Authorities take aim at manmade wild fires
More than 17 major fires are charring the West in what could be a summer of infernos.
"Monster" wildfires continued to vex mountain communities in Colorado and Arizona Sunday, while the rest of the American West braced for what it hoped wouldn't come a summer of infernos.
Already, wildfires this year have charred more than 2.2 million acres across the region the most since 1996. At least 17 major fires are burning in seven Western states.
Particularly unnerving to authorities this year is the number of fires started by humans. Normally, lightning accounts for 90 to 95 percent of all forest fires in the West. This year, some of the biggest fires notably the Hayman in Colorado and two conflagrations in eastern Arizona that have now merged have been attributed to human error or arson.
This trend, coming in a year of unusually dry conditions, when more people are living in wildland areas than ever before, is forcing states to act early to try to prevent manmade fires.
Wyoming has already banned fireworks and open campfires on state lands for the summer. Colorado has gone a step further: It is prohibiting all open fires, period, with the exception of charcoal barbecues in the backyard.
A growing number of cities across the West including Colorado Springs and Boulder, Colo., as well as Prescott, Ariz. are canceling their July 4 fireworks displays and putting on laser shows instead.
"Of the major fires we're seeing, it's a little unusual that we are seeing this many human-caused fires," says David Howell of the Interagency Fire Center in Boise, Idaho, a federal clearinghouse for fires nationwide. "We're trying to get fire prevention messages out there."
The inauspicious start to the summer has also been costly: At least seven firefighters have perished in tragedies in the past week four in a traffic accident in Colorado and three in an earlier air-tanker crash in California. More than 1,235 structures have been destroyed. Federal authorities put the damage at about $170 million so far.
The nation's No. 1 firefighting priority at the moment is the Rodeo-Chediski blaze in eastern Arizona. It represents the merger of two fires that, by early yesterday, were bearing down as one 50-mile-wall on the town of Show Low.
It was advancing through paper-dry forest with the intensity of a Bessemer furnace. More than 235,000 acres an area one-third the size of Rhode Island have burned just since Thursday. Some 40,000 people have been evacuated, mainly in small towns such as Show Low, Pinedale, and Clay Springs about 120 miles northeast of Phoenix.
In tiny Linden, firefighters wrapped houses in fireproof material and sprayed them with foam to try to save structures.
"It's a monster," says Bobby Smith, who had been staying in Show Low after having already been evacuated from Pinedale. "It's unbelievable what a big fire can do."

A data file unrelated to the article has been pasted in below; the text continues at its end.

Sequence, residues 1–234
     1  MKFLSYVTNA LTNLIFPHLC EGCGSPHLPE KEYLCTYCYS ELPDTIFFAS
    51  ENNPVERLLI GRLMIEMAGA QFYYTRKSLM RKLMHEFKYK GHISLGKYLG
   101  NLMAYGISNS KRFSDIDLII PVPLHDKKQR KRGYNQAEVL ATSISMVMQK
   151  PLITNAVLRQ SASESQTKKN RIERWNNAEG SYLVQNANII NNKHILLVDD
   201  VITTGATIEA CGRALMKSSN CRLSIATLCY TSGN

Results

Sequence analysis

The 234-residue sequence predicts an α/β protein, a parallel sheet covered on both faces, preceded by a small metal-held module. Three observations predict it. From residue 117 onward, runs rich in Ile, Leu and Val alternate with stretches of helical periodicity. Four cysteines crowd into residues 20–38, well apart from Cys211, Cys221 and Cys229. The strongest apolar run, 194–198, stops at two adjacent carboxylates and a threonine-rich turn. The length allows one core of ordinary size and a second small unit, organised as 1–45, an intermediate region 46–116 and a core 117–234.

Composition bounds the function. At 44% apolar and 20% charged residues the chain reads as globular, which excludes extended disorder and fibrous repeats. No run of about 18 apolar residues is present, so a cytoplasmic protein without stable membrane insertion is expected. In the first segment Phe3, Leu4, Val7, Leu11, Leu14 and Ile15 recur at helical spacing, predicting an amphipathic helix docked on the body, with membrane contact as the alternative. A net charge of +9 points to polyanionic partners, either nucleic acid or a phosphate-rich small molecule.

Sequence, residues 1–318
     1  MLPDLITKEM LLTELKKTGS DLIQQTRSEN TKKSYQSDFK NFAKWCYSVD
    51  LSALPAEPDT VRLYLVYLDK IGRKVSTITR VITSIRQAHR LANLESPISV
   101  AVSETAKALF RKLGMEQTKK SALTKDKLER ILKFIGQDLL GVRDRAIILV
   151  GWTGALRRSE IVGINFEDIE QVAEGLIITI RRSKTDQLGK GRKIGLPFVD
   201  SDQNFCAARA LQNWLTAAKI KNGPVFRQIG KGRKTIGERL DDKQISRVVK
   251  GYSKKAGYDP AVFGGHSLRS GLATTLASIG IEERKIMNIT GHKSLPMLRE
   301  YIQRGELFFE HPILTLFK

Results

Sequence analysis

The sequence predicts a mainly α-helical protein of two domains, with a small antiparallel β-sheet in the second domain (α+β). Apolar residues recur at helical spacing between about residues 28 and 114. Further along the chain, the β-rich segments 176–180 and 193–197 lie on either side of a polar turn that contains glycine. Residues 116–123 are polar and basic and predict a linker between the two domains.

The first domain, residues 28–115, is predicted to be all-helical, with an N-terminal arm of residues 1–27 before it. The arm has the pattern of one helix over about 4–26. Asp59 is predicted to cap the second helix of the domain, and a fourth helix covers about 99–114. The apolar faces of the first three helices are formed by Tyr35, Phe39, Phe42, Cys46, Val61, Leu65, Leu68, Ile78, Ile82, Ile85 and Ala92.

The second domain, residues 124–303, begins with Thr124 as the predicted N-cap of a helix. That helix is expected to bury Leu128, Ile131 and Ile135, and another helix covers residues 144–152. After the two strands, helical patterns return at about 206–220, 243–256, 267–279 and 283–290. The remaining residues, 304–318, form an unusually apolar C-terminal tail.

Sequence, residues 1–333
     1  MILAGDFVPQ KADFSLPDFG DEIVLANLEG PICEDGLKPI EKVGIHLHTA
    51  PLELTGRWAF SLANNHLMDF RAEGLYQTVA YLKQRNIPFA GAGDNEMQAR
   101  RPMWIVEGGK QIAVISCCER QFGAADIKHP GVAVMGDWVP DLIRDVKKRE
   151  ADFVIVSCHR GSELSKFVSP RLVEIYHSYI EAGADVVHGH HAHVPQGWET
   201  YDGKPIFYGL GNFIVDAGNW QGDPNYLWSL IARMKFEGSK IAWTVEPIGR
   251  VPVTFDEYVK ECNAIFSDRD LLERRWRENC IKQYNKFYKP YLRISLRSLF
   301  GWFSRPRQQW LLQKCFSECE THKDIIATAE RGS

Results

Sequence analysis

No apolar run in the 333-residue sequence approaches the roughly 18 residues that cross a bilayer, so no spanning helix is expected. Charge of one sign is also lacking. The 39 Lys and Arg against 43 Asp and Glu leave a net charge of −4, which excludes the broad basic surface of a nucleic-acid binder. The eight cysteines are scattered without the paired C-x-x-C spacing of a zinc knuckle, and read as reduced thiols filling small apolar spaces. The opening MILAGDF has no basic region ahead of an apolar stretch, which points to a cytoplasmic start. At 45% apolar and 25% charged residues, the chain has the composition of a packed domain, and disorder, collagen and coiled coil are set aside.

The area, popular with hikers and Phoenix-area residents escaping the desert heat, is covered with pinon, juniper, and pine trees made explosively dry by several years of drought.
"The fire crews are in a more reactive mode today, instead of proactive," says Shanea Ward, spokeswoman in Show Low for the Southwest Area Wildland Fire Operations. "They're just reacting to the fire's behavior."
The largest Arizona fire was thought to be human-caused, though authorities are still uncertain whether it was an accident or arson. The other major fire was started by a lost hiker signaling for help.
In Colorado, a judge on Friday set an Aug. 26 trial date for Terry Barton, an 18-year veteran of the US Forest Service accused of starting the big Hayman fire south of Denver. Ms. Barton faces up to 20 years in prison and more than a half a million dollars in fines if convicted.
Cool weather yesterday helped firefighters battling the blaze she is accused of setting. The 137,000-acre blaze, which is more than 60 percent contained, has destroyed at least 114 homes and about 420 other buildings.
"Mother Nature actually gave us a helping hand today. We weren't expecting it, but she came through for us," says fire information officer Steve Fegin.
Fire crews have not been so fortunate in the southwest corner of the state. An erratic, wind-driven fire near Durango has burned more than 68,000 acres and destroyed at least 45 homes.
"I've never seen a fire so unpredictable before," says firefighter Mike Achey.
Residents of 18 subdivisions had earlier been ordered to evacuate their homes, but five of those subdivisions were reopening by the end of the weekend.
With all the wildfires breaking out so early, authorities are concerned about the availability of resources manpower and money for the rest of the summer. So far, the military, usually the last line of defense in a hot summer, has not been called out, but officials say that could come.
"There's a pretty good consensus that it's going to be a busy summer," says Mr. Howell.
Wire service material and contributions from Tim Vanderpool in Arizona were used in this report.